The dark days of winter are really flexing their polar muscles this year.
According to meteorologists at AccuWeather, The Weather Channel and the National Weather Service, another surge of arctic air is set to push into the region beginning Tuesday.
The bitter blast, which is bringing sub-zero wind chills, and the potential of a few nuisance snowstorms, will begin to move into the region this afternoon and temperatures will begin to fall.
According to the National Weather Service, by Tuesday temperatures are expected to only reach into the high teens with wind chills near zero and winds up to 13 mph. There is also a 60 percent chance of snow between 4 and 7 p.m. with 3 inches possible in some areas.
By Tuesday night, the cold air mass will secure its grip on the region, as overnight temperatures dip to 2 degrees with wind chill values of up to 15 below zero.
The rest of the week has similar temperature patterns, with highs during the day near 20 and lows at night in the single digits.
By Saturday, temperatures are supposed to rise to near 30 before dropping back down into the low 20s on Sunday.
Arctic air threatens landmarks
According to Kristina Pydynowski, senior meteorologist for AccuWeather, the arctic air may disrupt Niagara Falls' flow as the threat of ice jams builds.
Earlier this month, below-normal temperatures snarled "the flow of water at the tourist attraction and created significant ice buildup" Pydynowski said.
"When the thaw arrived a week later, the melting ice broke up and floated downstream resulting in ice jams."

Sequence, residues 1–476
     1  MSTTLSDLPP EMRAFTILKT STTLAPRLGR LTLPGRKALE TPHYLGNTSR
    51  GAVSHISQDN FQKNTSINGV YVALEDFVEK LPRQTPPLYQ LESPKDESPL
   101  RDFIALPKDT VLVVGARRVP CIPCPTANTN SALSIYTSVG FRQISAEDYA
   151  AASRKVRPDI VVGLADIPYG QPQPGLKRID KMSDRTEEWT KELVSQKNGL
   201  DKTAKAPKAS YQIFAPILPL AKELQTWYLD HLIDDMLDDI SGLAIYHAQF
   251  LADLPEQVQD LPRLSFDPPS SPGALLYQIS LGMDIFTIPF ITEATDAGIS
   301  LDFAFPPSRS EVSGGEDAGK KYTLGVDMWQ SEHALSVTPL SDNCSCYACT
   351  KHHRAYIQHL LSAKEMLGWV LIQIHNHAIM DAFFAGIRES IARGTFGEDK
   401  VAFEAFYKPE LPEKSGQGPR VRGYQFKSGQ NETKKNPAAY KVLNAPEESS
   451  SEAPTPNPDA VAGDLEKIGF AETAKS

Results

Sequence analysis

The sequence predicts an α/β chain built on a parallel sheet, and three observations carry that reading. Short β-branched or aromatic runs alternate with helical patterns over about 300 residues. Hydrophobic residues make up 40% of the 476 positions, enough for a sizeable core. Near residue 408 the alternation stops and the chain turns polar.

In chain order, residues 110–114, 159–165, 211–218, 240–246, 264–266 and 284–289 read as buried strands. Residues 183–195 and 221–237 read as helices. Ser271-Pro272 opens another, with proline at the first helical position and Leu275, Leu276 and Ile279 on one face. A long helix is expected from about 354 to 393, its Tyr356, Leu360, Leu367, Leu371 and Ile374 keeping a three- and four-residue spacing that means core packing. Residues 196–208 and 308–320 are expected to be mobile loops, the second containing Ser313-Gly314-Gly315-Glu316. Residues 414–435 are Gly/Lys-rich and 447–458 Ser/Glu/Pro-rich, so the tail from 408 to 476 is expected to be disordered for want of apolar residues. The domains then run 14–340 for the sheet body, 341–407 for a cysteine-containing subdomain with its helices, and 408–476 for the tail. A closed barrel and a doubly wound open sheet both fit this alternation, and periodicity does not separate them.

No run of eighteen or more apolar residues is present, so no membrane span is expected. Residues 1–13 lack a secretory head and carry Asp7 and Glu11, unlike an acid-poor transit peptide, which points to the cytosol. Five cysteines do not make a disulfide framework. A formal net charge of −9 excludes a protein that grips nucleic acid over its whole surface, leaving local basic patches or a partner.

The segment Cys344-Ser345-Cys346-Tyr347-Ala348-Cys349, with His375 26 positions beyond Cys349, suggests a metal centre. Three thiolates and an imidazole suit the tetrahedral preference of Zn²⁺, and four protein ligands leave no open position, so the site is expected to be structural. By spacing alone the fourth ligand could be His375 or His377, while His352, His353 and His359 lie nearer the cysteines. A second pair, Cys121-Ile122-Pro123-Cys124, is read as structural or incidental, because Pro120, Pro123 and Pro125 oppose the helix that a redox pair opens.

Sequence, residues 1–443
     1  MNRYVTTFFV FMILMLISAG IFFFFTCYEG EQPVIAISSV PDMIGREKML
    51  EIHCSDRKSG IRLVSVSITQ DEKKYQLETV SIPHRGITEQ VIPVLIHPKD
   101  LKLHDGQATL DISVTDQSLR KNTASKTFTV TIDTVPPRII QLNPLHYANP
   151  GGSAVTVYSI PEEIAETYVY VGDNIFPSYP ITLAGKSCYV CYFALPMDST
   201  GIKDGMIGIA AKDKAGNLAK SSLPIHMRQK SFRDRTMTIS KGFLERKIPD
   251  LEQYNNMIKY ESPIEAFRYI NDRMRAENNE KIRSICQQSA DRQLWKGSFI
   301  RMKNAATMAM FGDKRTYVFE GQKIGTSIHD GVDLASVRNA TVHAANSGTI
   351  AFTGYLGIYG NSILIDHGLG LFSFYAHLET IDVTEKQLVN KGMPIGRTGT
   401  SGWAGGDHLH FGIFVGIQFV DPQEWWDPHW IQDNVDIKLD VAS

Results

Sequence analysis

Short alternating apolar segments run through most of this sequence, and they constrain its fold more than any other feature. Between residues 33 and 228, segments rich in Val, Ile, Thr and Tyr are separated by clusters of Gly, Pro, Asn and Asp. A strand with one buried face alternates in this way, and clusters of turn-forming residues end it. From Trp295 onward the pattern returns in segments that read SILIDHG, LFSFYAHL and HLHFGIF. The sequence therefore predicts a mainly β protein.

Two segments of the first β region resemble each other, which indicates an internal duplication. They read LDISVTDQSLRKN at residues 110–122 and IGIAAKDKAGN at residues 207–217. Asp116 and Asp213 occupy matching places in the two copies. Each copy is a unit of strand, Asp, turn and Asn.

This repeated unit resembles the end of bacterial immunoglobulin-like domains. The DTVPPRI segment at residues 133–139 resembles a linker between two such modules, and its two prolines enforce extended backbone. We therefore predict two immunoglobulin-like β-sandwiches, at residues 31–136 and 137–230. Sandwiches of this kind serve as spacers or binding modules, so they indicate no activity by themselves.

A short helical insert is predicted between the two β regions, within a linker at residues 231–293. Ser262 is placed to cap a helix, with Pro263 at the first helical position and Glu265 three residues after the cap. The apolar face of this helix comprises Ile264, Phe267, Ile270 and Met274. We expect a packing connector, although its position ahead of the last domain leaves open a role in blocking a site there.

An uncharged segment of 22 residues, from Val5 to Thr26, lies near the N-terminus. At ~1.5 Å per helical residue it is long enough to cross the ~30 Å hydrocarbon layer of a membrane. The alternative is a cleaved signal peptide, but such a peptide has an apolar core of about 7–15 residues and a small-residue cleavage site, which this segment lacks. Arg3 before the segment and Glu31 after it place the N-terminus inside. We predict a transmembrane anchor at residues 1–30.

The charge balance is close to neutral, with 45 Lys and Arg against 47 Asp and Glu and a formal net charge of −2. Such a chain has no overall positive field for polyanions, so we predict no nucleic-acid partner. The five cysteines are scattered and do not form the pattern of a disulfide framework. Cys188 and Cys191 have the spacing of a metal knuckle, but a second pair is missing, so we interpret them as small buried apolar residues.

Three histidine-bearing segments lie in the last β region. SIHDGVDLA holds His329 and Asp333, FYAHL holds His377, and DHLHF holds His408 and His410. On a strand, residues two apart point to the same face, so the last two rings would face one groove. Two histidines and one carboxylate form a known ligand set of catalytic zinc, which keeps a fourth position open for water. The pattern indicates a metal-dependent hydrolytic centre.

The potential for ice jams is again possible during this upcoming freeze.
Signs of early spring?
Many people in the region are singing the same tune think spring!
Some staff here at the TIMES NEWS even saw a few hopeful signs of warmer times, including robins and skunks.
But these usual symbols of warm, sunny days and nights are not necessarily a sign of what is about to come just yet.
Franklin Klock, a naturalist at the Carbon County Environmental Education Center, said that the sightings are only because the animals are looking for food.
"Robins are migratory, but like most birds, if there is available food, they will stick around," he said. "In winter, robins switch from worms and insects to fruit-like berries and crab apples. The birds you are seeing now have not returned early, but rather, have never left.
"As for skunks, they are not true hibernators," Klock explained. "They are, however, food foragers. Since we had some warm weather, and then some snow cover, (skunks) may be moving about a bit more to find food. This puts them in harm's way. Dogs, cats and cars are their biggest threat."